Yesterday was EJ's birthday, so we went out for the day; his choice was Beaulieu again, to the car museum there; right up his and MrL's street! There's plenty of other things to see, though, so I was more than happy to tag along. The museum is within the grounds of the Abbey on the estate - so tehre are abbey ruins, the Domus (monks' living quarters). Palace house, Victorian kitchen, wool/weaving buidling ruins, Victorian gardens all to look at. At this time of year, not much int eh gardens themselves - lots of cardoons (did you know you can make bio fuel out of the seeds? Apparently so, but MrL yet to be convinced. I have one *enormous* cardoon in the garden which he hates with a vengeance for some reason. I don;t think it's tidy enough for him LOL), leeks, rhubarb just showing. Beds neatly dug over and compost spread, paths clear, structures up and ready for beans to come. Well - they do have several gardeners I should think, I told MrL, in response to his raised eyebrows whichw ere saying to me "Why doesn't ours look that neat, then?"
They have lovely Big greenhouses too, with venerable vines in; the one in the picture was planted back in 1870, amazing, still giving a good crop of grapes too. There were several lemon trees too, all covered in lemons; I'd love to have a go at one of those, but the cost of a decent size tree is a bit prohibitive at the moment, so I'll have to wait. There is an internationally famous citrus nursery in Dorset, though, so we might have a wander down to that some time and get fired up with a view to home grown lemon curd in the future:)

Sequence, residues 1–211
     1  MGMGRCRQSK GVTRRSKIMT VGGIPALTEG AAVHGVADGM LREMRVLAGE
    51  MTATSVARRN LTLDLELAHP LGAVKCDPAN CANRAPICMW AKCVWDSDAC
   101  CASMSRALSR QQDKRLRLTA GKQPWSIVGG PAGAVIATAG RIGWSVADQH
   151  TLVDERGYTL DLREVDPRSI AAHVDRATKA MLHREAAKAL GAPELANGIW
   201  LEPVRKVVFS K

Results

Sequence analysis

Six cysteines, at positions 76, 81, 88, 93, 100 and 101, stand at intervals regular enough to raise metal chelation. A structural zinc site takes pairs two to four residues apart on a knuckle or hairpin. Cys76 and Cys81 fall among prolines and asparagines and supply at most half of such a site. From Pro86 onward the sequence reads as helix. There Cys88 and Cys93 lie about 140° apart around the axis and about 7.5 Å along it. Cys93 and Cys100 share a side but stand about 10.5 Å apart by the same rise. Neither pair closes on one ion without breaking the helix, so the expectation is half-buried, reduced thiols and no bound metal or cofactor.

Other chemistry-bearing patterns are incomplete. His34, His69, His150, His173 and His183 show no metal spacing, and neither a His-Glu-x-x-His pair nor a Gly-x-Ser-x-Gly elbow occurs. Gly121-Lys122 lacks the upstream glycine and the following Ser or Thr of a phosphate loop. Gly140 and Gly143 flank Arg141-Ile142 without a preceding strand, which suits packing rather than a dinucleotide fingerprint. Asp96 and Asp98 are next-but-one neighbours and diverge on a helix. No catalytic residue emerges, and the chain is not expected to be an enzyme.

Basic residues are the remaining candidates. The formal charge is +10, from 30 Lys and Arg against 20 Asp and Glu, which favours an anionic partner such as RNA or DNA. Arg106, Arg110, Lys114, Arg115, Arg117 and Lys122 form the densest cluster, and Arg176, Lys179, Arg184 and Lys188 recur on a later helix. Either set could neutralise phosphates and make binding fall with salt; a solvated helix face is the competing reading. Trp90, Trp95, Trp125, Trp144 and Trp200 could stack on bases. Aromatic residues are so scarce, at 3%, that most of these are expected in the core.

The lawns under the trees were carpeted in spring flowers - thousands of pale lavender crocuses mainly, the little daffodils still to come. Teh effect of it all was quite ethereal, but no phot would do it justice. One of my favourite bits of planting is in the moat around the Palace House - full of little spring flowers, looks like it is studded with stars.
I spent an hour knitting in the monks' herb garden - nice and peaceful, as in February there aren't too many folk about.
On the way home we stopped at one of my favourite little garden centres; they ahve a lovely shop as well as good plants - I could have spent a fortune in there, but didn;t. Some of Cath Kidston's wares were on sale, but rather pricy; her Washing Line range is very expensive - 5.00 for a bottle of washing up liquid! When you use as much as I do, then it's not a realistic option, is it? I bought a new address book, and a very simple grey metal tealight holder, plus soem spring flowers for the front garden which I hope to get in later.
There and back takes us right through the New Forest - lovely at thsi time of year; roads not busy, ponies strolling around safely, pheasants, cattle, cottages to yearn after............... We also go through the are where we used to live; I'm glad I don;t live in the village any more, though, it doesn't look that good at present, bit sad looking, huge amounts of traffic, new roundabouts, not what it used to be. They say never go back, but we had to go through!
EJ really enjoyed his day, and he's a pleasure to accompany on such visits, unlike a lot of 15 year olds!Looking forward to going back next year again.........................